You can. You can also say "What is your boy preparing?" (this is another meaning of "готовить", not related to cooking)
In fact, I would translate 'what does the boy cook' as 'что умеет готовить (literally what can he cook)', and 'что готовит' as 'what is he preparing/making'.
In English, there are two usual meaning differences which can be ascribe to "What does your boy cook?" The first meaning is the equivalent of the present progressive "What is your boy cooking?" which includes the unspoken [at the moment/right now[. The second refers to capability and/or knowledge OR to habitual action. While your boy may or may not be cooking right now, what does he know how to cook - what does he cook when he cooks? OR what does he cook when he prepares breakfast for his family?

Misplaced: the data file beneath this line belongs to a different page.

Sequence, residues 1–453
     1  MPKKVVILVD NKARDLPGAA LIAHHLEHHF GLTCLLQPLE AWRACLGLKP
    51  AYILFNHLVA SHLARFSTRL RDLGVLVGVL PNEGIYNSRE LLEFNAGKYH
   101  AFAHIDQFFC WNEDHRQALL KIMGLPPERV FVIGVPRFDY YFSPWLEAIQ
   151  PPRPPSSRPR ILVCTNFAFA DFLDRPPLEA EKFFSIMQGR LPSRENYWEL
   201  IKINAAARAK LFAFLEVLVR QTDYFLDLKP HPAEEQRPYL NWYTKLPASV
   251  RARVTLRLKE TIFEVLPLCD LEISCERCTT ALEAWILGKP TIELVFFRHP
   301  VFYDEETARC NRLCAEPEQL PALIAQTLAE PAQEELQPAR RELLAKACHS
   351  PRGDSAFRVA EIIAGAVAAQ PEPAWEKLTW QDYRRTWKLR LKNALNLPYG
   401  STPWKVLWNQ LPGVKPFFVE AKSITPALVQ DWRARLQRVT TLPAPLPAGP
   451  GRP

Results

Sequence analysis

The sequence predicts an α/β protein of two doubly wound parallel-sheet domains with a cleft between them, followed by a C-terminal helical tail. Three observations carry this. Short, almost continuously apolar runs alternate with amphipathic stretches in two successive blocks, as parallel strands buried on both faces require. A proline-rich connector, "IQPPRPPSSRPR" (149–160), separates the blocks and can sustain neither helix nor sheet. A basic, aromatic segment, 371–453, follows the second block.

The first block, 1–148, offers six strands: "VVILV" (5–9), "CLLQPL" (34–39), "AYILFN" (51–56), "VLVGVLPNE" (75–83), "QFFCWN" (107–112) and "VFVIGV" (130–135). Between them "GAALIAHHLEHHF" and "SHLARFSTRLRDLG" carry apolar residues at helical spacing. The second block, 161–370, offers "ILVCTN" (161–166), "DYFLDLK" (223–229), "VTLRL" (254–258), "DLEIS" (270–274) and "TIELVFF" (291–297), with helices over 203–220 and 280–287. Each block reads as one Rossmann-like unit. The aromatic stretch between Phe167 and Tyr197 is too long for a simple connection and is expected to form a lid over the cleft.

For example, I have a friend with extremely limited cooking skills. If he is asked to prepare something hot to eat, the only thing I have ever known him to cook is macaroni & cheese (from a prepared and measured box of both) mixed with Tuna fish (from a can). He knows how to boil water, time the pasta while it cooks, open a can of Tuna fish and drain it, and mix everything together when the pasta is cooked. So, what does he cook? He cooks the meal I just described. It's really not bad. Not good, but not bad.
So, does готовить refer to this kind of capability/familiarity/habitual element of the English verb, or does it just mean "prepare/cook/make" at the moment?
Many English verbs can be viewed in this dual or triple way. Is Russian more particular, or does it allow to the same treatment - or something different?